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Search results for: einstein in all categories

374 results found.

38 pages of results.
91. I. Velikovsky: Correspondence [Velikovsky Archive Website]
... THE VELIKOVSKY CORRESPONDENCE 1946 Date Description April 20/21, 1946 Walter Federn to Immanuel Velikovsky May 22, 1946 Immanuel Velikovsky to Walter Federn May 30, 1946 Immanuel Velikovsky to Walter Federn June 13, 1946 Immanuel Velikovsky to Walter Federn July 8, 1946 Albert Einstein to Immanuel Velikovsky July 16, 1946 Immanuel Velikovsky to Albert Einstein September 19, 1946 Immanuel Velikovsky to Robert H. Pfeiffer October 8, 1946 Robert H. Pfeiffer to Immanuel Velikovsky December 7, 1946 Walter Federn to Immanuel Velikovsky December 9, 1946 Immanuel Velikovsky to Walter Federn December 11, 1946 Walter Federn to Immanuel Velikovsky ...
Terms matched: 1  -  Score: 30  -  31 Aug 2000  -  5k  -  URL:
92. Book Review/Thorne [Aeon Journal $]
... among dozens of others. The list of researchers gets longer and more involved the further back in time one goes, and, once more, the list burgeons the more contemporaneously one advances. Author Kip Thorne's own comprehensive list comprises some 400-odd major and minor players in the world of theoretical physics, and hardly makes a dent in the actual number. Thorne's own role in the development of his "hoop conjecture" itself plays a minor part. However, the professional interrelationships between any given number of such researchers, from the year Einstein postulated his special theory of relativity (1905) to the present, is perhaps as complex as any interaction between a similar disparate group of nuclear particles. As one might suspect, this is a tale about the people who do science, their vicissitudes, their often bizarre and unrestrained ideas, and the almost spastic fits and starts by which both theoretical and experimental physics underwent paradigmatic shifts in the accelerating rush of 20th century experience. The story itself actually begins far earlier, in 1783, when John Michell postulated, on Newtonian ...
Terms matched: 1  -  Score: 28  -  06 Mar 2003  -  34k  -  URL:
... or "new forces." However, rather than add more barnacles to the heavily encrusted vessel of theoretical physics, the truly scientific approach would be to revisit all of the assumptions that underpin the accepted paradigm to see if they might be wrong. Unfortunately, it is at this point we are usually torpedoed by fashionable dogma, as shown by the opening comment from Lee Smolin, who also wrote: "What is space and what is time? This is what the problem of quantum gravity is about. In general relativity, Einstein gave us not only a theory of gravity but a theory of what space and time are --a theory that overthrew the previous Newtonian conception of space and time. The problem of quantum gravity is how to combine the understanding of space and time we have from relativity theory with the quantum theory, which also tells us something essential and deep about nature." In the words of the inimitable Harry Belafonte, "It was clear as mud, but it covered de ground, de confusion made me head go 'round.'" ...
Terms matched: 1  -  Score: 28  -  21 Mar 2007  -  41k  -  URL:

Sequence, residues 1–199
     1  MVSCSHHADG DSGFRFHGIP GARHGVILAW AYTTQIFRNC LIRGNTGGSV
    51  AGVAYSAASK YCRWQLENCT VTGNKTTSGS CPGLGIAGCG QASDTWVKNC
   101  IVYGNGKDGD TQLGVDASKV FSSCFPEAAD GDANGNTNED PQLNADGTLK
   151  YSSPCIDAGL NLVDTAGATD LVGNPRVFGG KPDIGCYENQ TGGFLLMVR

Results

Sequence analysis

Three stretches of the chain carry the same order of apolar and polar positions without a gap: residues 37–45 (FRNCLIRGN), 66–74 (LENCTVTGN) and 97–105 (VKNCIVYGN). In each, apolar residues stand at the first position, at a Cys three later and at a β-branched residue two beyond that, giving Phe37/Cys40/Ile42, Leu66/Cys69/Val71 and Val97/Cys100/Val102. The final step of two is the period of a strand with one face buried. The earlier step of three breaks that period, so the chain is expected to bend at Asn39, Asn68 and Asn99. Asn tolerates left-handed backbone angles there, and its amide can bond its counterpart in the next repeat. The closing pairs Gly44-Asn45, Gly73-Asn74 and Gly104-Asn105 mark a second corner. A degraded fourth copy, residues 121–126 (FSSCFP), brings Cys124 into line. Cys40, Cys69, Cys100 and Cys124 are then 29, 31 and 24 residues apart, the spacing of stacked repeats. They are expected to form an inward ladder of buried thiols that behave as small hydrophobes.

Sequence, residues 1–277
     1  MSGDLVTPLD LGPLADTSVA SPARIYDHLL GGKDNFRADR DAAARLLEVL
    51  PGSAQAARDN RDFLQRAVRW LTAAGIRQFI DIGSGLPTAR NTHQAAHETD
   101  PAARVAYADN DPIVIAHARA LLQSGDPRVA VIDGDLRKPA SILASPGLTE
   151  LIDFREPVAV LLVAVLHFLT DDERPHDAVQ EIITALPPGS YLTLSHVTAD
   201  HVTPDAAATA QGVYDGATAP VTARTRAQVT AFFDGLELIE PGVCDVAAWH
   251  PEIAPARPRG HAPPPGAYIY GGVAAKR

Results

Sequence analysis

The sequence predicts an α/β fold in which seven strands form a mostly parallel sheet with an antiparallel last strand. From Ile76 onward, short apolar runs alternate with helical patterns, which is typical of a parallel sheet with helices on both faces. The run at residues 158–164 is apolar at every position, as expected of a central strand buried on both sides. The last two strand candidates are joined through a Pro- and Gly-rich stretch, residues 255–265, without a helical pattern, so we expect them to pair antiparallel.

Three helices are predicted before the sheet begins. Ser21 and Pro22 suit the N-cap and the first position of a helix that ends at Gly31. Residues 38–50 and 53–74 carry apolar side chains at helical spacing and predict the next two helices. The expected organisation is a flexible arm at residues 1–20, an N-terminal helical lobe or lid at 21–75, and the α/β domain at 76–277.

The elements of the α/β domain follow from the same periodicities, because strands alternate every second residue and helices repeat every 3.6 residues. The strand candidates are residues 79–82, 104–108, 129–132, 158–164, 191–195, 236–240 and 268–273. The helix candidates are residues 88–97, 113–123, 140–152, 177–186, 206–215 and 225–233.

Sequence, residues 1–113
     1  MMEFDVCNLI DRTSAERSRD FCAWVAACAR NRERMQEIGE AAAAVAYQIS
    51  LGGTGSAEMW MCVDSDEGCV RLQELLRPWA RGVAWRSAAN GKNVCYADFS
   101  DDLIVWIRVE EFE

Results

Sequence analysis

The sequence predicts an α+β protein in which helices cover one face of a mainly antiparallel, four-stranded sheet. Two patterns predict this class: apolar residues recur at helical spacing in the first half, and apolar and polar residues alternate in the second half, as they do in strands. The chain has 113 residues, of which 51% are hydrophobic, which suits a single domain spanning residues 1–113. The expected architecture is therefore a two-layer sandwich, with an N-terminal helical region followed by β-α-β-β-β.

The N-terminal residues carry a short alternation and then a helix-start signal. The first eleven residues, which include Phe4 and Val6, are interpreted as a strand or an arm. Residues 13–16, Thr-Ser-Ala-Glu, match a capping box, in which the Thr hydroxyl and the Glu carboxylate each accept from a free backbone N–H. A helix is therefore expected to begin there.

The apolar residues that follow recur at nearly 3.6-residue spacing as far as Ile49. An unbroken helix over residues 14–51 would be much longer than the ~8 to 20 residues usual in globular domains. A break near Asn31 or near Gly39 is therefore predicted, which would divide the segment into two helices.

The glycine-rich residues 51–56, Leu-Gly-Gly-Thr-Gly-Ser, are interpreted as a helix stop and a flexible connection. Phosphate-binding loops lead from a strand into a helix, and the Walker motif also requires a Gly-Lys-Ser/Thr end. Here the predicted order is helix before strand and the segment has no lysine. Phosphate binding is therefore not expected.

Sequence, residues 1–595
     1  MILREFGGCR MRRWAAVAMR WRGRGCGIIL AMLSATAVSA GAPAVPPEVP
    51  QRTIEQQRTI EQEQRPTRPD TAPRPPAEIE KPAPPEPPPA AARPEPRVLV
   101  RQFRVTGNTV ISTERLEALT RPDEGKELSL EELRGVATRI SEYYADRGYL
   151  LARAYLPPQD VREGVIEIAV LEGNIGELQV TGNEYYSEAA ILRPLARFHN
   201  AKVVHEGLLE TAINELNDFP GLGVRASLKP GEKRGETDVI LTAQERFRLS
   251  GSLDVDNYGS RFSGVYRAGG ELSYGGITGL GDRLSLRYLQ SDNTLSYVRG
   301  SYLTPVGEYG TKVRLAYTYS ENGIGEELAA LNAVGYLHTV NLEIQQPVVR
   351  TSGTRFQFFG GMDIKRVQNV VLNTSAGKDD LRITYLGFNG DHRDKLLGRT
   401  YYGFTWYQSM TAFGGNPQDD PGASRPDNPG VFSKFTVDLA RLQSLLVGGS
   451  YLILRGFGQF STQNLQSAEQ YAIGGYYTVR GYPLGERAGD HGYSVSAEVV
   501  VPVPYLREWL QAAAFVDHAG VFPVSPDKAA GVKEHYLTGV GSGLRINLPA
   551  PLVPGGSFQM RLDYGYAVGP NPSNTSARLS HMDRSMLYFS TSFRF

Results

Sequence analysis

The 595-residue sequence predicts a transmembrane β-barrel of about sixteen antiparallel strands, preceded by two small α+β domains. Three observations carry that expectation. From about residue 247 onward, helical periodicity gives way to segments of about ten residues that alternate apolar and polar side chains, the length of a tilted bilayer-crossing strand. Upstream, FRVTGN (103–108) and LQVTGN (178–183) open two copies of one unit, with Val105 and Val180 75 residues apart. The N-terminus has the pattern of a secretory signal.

... expression of general megalomania, but the particular claim, out of all those he might have thought of, strikes at V .'s well-established claim of predicting the high heat of Venus. There is here a hint of psychological pressure working to take for his own specifically the property of the father. V. was fixated on authority, the higher the better: he sought out acquaintances and enemies on high levels. But he did not gather intelligent up-coming young people until late in life; he has written a book on his conversations with Einstein, yet he would never have dreamed of writing a book of his immensely richer conversations with Juergens about electricity and Stecchini on ancient languages and the history of science. Why? Because they were unknown. His idea of arrival was naive. The great ones would recognize him on the basis of his books. The young would come along, following what their teachers say. Until late in life, he had no idea of the striking fact of intellectual history, that most geniuses and heretics start out young. At any given ...
Terms matched: 1  -  Score: 28  -  03 Apr 2004  -  46k  -  URL:
... of cosmic evolution we were thinking in terms of gravitation and light pressure," she continued. "Tomorrow we may contemplate a galaxy that is essentially a gravitating, turbulent electromagnet." [78 What did she mean by "we"? What Solar System had she been living in? When that "tomorrow" finally came, as it was bound to do, the textbooks had to be re-written yet one more time. It has been stated by others that Newton's laws had already been proven inadequate by the mathematics of Albert Einstein. Einstein, however, did not supplant Newton; he merely refined his measurements. Newton's basic theory held up. But, ever since Pioneer 5 went around the Sun in 1960, can it honestly be said that it still does? Actually, it was Professor Andre Danjon who, inadvertently, cast another dim light on Newton's basic assumptions. Newton not only made no allowance for electromagnetism in his theory, but fought long and bitterly against any ideas that might have taken such forces into consideration. But in 1959, Danjon ...
Terms matched: 1  -  Score: 24  -  05 Mar 2003  -  83k  -  URL: